"Pedestrian Environments and Sense of Community"
Journal of Planning Education and Research
2002 Associate of Collegiate Schools of Planning
On the Web
Lund's study is intended to gauge the community effects of New Urbanism-style architecture and neighborhood design. The study is conducted in two Portland neighborhoods, an inner-city neighborhood with traditional design and a modern-style suburban neighborhood (post-WWII). Researchers distributed questionaires door-to-door in the two neighborhoods using questions similar to the Nasar study. They got 57 responses (22 percent) in the traditional neighborhood and 49 (18.8 percent) in the suburban neighborhood.
The study found more sense of community in the traditional neighborhood than in the modern suburb. The most powerful subjective explanatory variable was "perception of walking"--the better that people felt about walking in the neighborhood, the higher their sense of community. Interestingly, there is one big counterpoint to this: the study found a negative correlation between destination trips (walking to the store or for other errands) and sense of community. That is, the more likely people are to walk to destinations, the lower their sense of community. Strolling trips--walking for pleasure--are positively associated with community, but destination trips are negatively associated.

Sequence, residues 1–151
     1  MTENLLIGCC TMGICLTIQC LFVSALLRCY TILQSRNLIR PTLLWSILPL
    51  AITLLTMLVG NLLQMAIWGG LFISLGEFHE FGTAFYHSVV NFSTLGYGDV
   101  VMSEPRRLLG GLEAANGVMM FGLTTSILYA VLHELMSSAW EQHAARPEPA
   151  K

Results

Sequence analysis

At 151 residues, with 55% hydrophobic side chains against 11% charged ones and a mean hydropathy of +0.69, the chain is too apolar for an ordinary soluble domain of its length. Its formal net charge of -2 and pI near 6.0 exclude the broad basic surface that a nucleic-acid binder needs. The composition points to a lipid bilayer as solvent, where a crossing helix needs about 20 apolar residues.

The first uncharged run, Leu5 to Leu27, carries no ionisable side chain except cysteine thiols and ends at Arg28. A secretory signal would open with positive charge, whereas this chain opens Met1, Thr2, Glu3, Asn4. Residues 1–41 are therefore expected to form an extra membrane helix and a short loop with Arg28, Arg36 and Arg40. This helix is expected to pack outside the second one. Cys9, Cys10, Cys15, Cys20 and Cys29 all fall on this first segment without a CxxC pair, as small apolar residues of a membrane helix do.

One failing of this research is that the respondents are self-selected and many not be statistically accurate representations of their communities. Also, the number of respondents is relatively low and it may be difficult to obtain statistically valid results when using controls or regressions. Finally, we cannot be sure whether people's behavior and attitudes are determined by their urban environment, or whether people self-select into neighborhoods that reflect their values and preferences.